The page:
Saturday, 4 August 2012

How Much Does It Cost To Post A Letter?

Since 30 April 2012

First Class                            60p

Second Class                       50p

First Class Large Letter         90p

Second Class Large Letter     69p

That's the same whether you use  traditional adhesive stamps, online postage or SmartStamp®


Unless you have a franking machine, in which case the prices are:

First Class 44p


Second Class 31p

First Class Large Letter 66p

Second Class Large Letter 53p

That's a saving of  16p, 19p, 24p and 16p respectively or savings of between 23 -38%.

Now franking machines cost between £1,250 at entry level -£20,000 to buy or £150 to rent a year and there's the cost of consumables, but the same baseline costs apply if one prints a label on one's printer at home. And if you post out masses of post the average cost of using a franking machine falls to a couple of pence per letter.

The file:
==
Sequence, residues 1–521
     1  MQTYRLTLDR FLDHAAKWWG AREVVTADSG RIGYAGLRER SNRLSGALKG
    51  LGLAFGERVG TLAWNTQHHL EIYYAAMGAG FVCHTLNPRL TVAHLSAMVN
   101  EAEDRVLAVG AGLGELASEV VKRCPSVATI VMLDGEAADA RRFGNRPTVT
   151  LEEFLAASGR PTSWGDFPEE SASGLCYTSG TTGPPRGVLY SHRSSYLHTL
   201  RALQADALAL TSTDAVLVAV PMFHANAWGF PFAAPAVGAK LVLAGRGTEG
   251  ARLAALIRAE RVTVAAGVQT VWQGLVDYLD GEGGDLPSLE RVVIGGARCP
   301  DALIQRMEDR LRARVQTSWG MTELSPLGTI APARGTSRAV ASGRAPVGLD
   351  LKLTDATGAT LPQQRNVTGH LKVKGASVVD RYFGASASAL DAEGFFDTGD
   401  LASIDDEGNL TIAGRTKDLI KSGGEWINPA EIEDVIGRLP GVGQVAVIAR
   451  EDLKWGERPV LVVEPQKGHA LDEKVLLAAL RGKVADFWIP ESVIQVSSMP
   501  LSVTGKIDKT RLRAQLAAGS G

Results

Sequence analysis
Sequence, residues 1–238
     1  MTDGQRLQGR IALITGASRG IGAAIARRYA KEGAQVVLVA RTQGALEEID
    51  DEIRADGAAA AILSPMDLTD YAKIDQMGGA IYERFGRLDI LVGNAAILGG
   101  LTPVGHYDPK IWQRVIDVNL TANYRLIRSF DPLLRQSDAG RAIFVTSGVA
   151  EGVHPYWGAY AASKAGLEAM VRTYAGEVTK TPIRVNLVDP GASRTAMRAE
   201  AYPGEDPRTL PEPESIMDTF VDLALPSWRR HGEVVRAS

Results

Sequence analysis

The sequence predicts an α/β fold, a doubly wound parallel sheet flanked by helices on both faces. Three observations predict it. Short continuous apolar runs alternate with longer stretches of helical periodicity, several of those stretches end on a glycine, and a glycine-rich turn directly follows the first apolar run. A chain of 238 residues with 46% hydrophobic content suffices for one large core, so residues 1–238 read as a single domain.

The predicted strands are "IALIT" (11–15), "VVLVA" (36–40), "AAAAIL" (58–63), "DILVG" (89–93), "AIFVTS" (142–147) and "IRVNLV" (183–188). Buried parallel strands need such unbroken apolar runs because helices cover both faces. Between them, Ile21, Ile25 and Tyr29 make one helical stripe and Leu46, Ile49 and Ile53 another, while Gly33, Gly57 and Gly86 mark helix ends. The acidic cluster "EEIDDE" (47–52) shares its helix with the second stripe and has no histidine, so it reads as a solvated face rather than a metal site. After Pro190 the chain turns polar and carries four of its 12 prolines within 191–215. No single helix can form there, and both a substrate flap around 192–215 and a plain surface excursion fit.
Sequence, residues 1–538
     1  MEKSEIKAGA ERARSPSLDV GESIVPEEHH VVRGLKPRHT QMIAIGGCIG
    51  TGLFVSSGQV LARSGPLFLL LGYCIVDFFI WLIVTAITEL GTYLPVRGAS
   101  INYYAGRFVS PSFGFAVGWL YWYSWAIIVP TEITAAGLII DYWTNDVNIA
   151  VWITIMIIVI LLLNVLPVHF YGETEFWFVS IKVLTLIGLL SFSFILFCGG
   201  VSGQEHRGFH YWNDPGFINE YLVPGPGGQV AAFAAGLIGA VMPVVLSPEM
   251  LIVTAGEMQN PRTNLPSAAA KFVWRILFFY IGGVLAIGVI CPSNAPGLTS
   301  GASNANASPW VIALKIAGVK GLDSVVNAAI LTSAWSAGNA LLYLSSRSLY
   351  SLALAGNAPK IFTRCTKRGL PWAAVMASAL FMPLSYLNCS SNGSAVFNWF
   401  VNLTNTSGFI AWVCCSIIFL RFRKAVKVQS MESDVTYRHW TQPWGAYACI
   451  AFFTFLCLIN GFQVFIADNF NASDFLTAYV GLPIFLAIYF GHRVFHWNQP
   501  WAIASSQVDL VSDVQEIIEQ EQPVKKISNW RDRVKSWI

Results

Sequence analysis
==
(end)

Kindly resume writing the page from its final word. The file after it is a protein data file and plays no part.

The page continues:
It seems that Royal Mail reckons that a square inch of sticky paper costs between 16 - 24p (that's Speaker's wallpaper pricing) if it's selling to Mugs R Us. It can apparently make a profit delivering a second class letter from a large volume mailer anywhere in the country for 31p, provided you and I subsidize them by 19p for every letter, every Chrismas and birthday card we send.

Royal Mail is having a laugh at our expense. Why don't they offer the same discounts to online postage users and reduce the price of stamps? Answer: British people are there to be overcharged for the benefit of business. What's the chance that when the Royal Mail is part-privatised to satisfy EU dogma, its new foreign owners will increase the discounts to business at our expense to "remain competitive"?

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